FILE PHOTO: A Kazakh service member walks near an armoured personnel carrier following the protests triggered by fuel price increase in Almaty, Kazakhstan January 7, 2022. REUTERS/Pavel Mikheyev/File Photo
January 7, 2022
By Mark Trevelyan
(Reuters) – The sudden and violent crisis in Kazakhstan has caught Russian President Vladimir Putin at a moment when his attention was firmly focused elsewhere and forced him into a military intervention that carries potential risks.
Putin immediately committed Russian paratroopers on Thursday as part of a peacekeeping force from former Soviet states requested by Kazakh President Kassym-Jomart Tokayev, who is facing the most dangerous wave of unrest since the Central Asian nation won independence from Moscow in 1991.
Russian and Western political analysts said the crisis would not shift Putin’s focus from Ukraine, where he has forced the West to the negotiating table by mobilising tens of thousands of Russian troops for what Kyiv and Washington say could be a possible invasion within weeks – something he denies.
But Kazakhstan presents at the very least an unwelcome temporary distraction as Russia prepares to open negotiations with the West next week over its demands for security guarantees to protect it from what it sees as threatening NATO behaviour.
Kazakh security forces appeared to be reasserting control on Friday after fuel price protests spiralled into days of violence across the vast country, with looting and the torching of public buildings.
But the potential for further bloodshed is clear.
Tokayev said in a televised address that the state would fight “to the end” against what he called bandits and terrorists, and said he had issued shoot-to-kill orders to his security forces.
The size of the task facing the 2,500 peacekeepers from Russia, Armenia, Belarus, Kyrgyzstan and Tajikistan – and whether it can be completed within days or weeks, as intended – is not yet clear.
“The best mission for Moscow’s got to be: you go in, you look big and strong standing in visible places and you never actually have to do anything. There’s nothing to be gained from shooting at another country’s population,” said Sam Greene, director of the Russia Institute at King’s College, London.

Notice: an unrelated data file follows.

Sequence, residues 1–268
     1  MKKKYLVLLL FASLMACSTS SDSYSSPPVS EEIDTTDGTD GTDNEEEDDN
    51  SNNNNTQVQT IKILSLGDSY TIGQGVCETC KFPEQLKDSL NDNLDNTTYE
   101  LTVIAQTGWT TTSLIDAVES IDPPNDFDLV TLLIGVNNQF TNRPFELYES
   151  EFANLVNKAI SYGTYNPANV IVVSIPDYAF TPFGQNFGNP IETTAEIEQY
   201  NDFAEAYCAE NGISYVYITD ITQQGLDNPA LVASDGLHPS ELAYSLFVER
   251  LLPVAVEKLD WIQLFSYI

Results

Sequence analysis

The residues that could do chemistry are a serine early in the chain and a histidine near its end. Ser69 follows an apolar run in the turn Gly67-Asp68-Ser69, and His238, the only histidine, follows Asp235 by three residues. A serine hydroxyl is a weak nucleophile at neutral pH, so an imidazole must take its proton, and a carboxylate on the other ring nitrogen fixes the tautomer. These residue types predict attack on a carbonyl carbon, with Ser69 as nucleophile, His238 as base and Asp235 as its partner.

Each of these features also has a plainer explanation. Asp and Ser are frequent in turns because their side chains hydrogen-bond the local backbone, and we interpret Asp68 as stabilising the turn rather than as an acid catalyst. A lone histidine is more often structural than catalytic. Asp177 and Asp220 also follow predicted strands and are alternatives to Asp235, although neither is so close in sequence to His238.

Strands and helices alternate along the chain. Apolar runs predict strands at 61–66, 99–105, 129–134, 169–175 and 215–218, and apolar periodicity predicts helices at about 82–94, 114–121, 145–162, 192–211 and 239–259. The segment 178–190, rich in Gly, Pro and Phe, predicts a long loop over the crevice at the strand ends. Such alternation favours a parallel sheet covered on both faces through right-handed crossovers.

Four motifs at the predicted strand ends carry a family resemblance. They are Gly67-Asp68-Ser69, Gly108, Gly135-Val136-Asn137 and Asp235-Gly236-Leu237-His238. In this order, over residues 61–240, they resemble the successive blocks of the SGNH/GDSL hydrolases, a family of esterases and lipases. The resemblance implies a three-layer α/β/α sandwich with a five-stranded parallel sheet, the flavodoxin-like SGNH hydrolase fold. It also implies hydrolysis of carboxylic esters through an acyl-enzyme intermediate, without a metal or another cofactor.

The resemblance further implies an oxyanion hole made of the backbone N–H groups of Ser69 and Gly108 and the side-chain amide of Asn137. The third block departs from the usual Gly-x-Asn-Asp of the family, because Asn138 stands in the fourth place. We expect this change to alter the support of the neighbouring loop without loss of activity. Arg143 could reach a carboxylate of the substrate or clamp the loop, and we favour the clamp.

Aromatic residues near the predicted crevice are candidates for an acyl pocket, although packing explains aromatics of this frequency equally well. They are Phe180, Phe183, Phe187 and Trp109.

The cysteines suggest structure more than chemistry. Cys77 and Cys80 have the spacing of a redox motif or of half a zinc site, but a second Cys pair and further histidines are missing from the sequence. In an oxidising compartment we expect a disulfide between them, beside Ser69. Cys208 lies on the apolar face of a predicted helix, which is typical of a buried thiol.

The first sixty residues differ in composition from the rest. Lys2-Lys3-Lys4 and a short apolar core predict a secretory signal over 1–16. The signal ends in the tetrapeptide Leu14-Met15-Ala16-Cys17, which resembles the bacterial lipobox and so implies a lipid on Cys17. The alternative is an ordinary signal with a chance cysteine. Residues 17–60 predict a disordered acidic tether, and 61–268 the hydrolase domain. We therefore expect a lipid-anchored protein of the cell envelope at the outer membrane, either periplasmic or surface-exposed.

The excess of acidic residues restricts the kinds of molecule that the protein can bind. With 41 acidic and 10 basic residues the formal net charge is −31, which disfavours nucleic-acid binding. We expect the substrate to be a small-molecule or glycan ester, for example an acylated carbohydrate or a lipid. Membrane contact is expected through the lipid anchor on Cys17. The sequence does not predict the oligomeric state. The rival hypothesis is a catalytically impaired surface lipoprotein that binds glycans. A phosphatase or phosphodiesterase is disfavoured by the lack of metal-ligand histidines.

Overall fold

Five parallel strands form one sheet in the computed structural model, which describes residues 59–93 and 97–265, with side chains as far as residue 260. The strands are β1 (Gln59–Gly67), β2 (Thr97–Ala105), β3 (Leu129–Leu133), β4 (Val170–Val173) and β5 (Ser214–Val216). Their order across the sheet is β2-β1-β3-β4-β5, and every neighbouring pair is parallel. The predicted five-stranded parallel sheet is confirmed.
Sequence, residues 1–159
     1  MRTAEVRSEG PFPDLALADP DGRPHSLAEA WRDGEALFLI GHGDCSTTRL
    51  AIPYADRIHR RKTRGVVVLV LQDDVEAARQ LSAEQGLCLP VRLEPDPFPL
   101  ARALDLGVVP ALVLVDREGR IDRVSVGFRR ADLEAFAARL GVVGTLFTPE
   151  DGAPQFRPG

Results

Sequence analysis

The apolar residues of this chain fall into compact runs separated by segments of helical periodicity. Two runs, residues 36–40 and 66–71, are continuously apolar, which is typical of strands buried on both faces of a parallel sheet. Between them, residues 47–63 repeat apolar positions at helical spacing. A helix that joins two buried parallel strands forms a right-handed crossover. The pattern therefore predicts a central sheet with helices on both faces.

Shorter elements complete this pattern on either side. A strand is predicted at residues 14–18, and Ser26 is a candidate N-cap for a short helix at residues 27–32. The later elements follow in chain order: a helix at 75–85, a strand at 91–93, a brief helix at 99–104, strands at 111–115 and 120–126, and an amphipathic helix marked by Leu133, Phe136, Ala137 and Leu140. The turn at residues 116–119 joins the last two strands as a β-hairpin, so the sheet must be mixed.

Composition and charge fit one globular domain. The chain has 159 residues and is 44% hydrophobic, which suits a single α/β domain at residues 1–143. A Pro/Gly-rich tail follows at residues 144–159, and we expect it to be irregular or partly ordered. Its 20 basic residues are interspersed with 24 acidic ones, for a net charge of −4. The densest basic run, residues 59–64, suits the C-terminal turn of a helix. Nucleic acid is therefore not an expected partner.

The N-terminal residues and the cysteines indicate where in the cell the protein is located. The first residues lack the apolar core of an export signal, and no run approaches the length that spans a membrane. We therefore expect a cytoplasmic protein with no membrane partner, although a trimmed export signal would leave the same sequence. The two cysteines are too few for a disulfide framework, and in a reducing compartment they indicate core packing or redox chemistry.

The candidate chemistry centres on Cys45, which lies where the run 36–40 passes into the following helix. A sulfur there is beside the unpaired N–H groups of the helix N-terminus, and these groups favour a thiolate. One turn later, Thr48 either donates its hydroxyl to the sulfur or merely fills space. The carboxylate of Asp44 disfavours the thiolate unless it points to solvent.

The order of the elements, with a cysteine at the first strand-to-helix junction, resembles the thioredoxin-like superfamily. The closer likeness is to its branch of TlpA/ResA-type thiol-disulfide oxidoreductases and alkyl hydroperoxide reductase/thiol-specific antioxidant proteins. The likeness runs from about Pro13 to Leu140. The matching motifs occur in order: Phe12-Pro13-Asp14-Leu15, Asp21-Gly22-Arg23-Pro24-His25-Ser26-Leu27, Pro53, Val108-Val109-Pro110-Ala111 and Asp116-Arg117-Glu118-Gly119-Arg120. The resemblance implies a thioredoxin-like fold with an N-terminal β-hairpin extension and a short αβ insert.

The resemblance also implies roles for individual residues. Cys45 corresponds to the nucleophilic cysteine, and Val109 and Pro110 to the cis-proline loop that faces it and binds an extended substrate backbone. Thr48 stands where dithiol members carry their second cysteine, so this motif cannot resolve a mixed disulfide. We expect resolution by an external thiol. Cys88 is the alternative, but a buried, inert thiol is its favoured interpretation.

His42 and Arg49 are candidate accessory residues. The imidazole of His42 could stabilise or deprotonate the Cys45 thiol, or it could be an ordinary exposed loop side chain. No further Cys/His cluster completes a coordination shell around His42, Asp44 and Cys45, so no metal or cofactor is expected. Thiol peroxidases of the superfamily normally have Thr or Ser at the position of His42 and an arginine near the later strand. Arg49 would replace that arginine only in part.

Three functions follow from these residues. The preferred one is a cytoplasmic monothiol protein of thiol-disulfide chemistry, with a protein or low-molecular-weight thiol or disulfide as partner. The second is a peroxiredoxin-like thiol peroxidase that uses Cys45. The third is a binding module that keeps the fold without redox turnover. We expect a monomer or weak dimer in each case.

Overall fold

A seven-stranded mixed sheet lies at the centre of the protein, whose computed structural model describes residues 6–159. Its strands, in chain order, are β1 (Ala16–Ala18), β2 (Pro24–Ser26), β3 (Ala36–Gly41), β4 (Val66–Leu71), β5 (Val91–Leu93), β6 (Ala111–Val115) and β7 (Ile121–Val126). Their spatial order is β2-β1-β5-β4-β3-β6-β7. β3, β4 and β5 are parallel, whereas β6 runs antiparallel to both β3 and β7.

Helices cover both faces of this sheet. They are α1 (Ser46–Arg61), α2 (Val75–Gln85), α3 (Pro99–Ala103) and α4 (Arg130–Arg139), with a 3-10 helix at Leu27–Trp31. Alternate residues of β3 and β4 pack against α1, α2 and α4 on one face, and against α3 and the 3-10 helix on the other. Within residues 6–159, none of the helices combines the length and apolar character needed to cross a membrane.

But even a successful intervention could leave in place an unpopular government, risk fuelling anti-Russian sentiment and fail to address the underlying causes of the unrest, he said.
Russia had presumably calculated that failure to act would risk a worse outcome, namely the fall of Tokayev and the emergence of a power vacuum in Kazakhstan, Greene said.
ON A ROLL
But there is also potential upside for the Kremlin in extending a series of strategic interventions it has carried out in former Soviet states since 2020.
In Belarus, it propped up authoritarian leader Alexander Lukashenko when mass protests threatened to topple him, and since then has used that country’s territory and airspace to stage high-profile military drills and strategic bomber flights near the borders of NATO member countries.
In the Caucasus, Putin brought about a ceasefire in a 2020 war between Armenia and Azerbaijan and sent in peacekeepers, ensuring Russia would remain the key security player in a region where Turkey and Iran also compete for influence.
Now Kazakhstan, the world’s top producer of uranium and ninth biggest oil exporter, looks set to become increasingly beholden to Moscow. Tokayev made a point in his televised address on Friday of thanking Putin for his rapid support.
“For Russia, if things do settle down, it will be a substantial win, demonstrating how critical it remains, and also tethering Kazakhstan to it that much more,” said Olga Oliker, Europe and Central Asia program director at Crisis Group.
Jonathan Eyal of the RUSI think-tank in London said Putin could achieve a further important advantage vis-a-vis China by reasserting Russia as the security guarantor of the Central Asian states, even if he could not hope to match Beijing’s economic influence in the region.
“Of course Russia is delighted to have supreme control in security terms in Central Asia. That goes to the narrative of Putin as a sort of re-creator of the Soviet Union,” Eyal said.
“It allows Putin to portray himself as slightly more equal to the Chinese. He’s got an alliance which the Chinese don’t have, he’s got a gaggle of countries that look up to him as their ultimate protector, which the Chinese don’t have. He’s got a return to a position of a regional power, if not a global power, which is what he always craved.”
Ukraine, however, remains the bigger concern.
Kazakhstan “might distract attention from Ukraine at least for some time because definitely it’s a serious crisis which should require attention and focus from the Russian side. But I don’t think it would completely take Ukraine off the table,” said Andrey Kortunov, head of the Russian International Affairs Council.
“I think this issue remains a top priority and it will be still an issue that they would like to discuss with the West, no matter what happens in Kazakhstan.”
(Reporting by Mark Trevelyan; Editing by Angus MacSwan)